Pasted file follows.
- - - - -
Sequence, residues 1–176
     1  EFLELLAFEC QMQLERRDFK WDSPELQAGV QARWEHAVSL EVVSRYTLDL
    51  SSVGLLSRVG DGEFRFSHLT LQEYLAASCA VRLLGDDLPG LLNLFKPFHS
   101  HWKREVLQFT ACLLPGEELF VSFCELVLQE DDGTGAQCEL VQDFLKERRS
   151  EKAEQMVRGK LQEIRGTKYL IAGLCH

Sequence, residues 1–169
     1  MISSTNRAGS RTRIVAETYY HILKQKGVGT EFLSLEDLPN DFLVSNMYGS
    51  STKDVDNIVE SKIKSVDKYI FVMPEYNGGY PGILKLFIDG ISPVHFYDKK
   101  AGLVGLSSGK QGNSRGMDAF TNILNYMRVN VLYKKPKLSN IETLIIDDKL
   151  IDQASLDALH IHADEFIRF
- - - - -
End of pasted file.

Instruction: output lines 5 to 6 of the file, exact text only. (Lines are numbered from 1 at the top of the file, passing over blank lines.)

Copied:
   151  EKAEQMVRGK LQEIRGTKYL IAGLCH

Sequence, residues 1–169